Submitted for publication on December 2, 2014.
In Australia, a major purpose for imposing lengthy jail terms is to deter would-be criminals. But what if the would-be perpetrator intended to die in their attack, in the belief that they would go straight to paradise? What if they murdered in the knowledge they would become a hero in their community, they may even have streets named after them, and their family would be exceedingly generously compensated for their loss?
This is the dilemma confronting Israel once again with the recent wave of brutal terror attacks, and the reason it has recommenced demolishing the family houses of the terrorists responsible.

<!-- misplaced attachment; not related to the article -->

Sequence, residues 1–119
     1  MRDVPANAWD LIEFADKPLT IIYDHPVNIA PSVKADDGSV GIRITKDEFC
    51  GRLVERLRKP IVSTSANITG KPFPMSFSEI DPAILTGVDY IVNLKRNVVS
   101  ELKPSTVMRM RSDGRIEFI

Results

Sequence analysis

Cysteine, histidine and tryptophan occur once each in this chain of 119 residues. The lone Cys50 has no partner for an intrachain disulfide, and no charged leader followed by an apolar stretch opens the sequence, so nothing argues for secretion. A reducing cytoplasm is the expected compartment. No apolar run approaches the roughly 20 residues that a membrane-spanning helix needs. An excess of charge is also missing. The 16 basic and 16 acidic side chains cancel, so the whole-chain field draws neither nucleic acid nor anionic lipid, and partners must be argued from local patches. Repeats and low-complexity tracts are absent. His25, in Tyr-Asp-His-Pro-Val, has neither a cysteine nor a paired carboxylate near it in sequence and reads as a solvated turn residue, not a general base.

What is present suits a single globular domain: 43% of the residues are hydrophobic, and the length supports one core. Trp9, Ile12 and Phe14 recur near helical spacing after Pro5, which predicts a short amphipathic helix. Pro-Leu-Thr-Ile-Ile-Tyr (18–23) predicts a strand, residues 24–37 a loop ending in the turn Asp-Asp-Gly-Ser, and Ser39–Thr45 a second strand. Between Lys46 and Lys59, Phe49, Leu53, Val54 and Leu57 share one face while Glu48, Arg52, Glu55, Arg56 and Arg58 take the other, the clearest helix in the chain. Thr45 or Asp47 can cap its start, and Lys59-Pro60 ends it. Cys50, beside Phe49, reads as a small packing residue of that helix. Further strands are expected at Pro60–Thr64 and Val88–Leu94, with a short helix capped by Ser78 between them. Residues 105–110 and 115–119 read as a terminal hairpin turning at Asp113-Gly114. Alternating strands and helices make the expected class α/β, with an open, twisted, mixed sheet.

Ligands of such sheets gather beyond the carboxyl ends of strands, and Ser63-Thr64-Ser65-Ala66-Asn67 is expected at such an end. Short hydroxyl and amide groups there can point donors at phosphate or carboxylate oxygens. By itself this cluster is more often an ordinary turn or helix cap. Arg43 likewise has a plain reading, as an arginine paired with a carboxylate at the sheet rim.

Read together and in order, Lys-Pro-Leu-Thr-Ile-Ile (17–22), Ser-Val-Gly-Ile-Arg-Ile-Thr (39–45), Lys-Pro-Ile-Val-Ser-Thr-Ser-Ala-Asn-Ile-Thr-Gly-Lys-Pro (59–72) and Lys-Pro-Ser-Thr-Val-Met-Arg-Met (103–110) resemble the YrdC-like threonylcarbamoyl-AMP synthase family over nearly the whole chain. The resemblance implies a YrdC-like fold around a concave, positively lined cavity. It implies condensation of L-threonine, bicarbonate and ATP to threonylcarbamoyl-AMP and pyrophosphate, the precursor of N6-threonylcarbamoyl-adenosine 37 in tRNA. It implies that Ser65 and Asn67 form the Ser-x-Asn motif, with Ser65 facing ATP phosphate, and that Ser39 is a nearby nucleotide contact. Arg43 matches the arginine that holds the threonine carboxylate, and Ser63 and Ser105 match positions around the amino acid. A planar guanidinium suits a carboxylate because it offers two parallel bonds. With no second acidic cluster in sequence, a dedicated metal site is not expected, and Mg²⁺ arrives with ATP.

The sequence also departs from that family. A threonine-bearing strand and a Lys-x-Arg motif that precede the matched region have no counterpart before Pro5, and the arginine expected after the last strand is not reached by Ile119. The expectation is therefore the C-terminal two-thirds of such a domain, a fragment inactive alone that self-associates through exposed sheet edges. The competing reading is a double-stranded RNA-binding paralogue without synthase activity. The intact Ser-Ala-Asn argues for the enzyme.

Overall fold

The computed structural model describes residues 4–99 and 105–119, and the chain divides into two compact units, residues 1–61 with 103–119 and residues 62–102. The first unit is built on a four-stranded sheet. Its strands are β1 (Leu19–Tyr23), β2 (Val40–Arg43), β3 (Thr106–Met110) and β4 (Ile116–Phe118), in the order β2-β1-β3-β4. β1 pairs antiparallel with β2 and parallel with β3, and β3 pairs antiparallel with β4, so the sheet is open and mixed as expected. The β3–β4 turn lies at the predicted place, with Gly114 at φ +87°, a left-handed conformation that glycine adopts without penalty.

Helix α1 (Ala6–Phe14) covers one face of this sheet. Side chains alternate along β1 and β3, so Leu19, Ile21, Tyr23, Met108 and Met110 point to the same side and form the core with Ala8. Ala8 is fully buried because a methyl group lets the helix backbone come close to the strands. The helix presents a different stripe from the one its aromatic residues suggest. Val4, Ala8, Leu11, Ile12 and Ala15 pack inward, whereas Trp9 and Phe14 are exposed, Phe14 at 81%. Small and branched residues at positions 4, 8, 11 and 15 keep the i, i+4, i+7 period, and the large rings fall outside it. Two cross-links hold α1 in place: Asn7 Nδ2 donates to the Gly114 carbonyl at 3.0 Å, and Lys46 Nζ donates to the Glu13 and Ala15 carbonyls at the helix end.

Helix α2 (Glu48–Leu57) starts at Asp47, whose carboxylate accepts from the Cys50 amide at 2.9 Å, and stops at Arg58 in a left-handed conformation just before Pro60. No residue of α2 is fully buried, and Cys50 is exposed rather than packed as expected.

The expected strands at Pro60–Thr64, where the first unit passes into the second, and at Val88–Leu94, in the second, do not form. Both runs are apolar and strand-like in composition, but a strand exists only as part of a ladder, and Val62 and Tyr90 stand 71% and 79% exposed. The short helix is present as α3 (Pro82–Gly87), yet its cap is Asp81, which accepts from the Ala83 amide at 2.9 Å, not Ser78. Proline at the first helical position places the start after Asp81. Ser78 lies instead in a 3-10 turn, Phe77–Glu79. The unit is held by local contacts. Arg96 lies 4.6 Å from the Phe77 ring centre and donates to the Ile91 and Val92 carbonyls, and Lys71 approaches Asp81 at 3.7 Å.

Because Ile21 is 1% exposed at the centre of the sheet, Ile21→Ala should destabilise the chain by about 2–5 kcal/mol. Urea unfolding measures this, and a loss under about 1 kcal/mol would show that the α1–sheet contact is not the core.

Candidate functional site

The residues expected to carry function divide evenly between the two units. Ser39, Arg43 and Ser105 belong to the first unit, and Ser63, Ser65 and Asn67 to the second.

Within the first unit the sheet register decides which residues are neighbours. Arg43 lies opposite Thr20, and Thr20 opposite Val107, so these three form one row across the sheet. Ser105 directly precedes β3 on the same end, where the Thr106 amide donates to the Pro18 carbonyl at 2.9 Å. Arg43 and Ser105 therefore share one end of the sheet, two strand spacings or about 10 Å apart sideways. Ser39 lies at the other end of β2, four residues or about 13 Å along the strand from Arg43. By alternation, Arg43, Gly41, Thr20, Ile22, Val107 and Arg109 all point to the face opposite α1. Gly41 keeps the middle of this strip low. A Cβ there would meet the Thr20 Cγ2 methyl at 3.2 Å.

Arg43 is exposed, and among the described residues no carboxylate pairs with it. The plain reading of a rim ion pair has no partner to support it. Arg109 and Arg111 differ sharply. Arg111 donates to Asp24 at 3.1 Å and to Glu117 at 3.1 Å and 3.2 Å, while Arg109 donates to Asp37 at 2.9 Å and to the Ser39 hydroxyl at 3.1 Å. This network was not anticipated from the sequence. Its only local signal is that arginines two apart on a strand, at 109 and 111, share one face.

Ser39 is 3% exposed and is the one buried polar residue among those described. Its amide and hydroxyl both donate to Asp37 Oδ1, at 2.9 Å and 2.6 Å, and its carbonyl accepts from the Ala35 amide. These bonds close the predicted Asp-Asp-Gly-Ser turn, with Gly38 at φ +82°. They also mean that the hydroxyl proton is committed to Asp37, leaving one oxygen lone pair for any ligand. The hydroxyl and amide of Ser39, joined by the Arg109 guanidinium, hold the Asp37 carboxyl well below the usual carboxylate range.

Ruth Pollard (“Home demolitions wreak vengeance“, November 29), claims these contravene international law against collective punishment, but Israel argues that as a deterrent measure, they can not properly be characterised as punishment, and also that they are a military necessity to save lives and, as such, are legal. They are regarded as legal by Israel’s Supreme Court.
Pollard makes out that there is a double standard when similar crimes are commited by Israelis. She cites the Israeli response to incidents where a Palestinian girl was killed in a hit and run by an Israeli settler, and the barbaric kidnapping and murder of a Palestinian boy by Israelis. However, this is not true. Israeli police concluded the hit and run was an accident, and the Israeli murder suspects are in prison awaiting trial.
Senior Policy Analyst
Australia/Israel & Jewish Affairs Council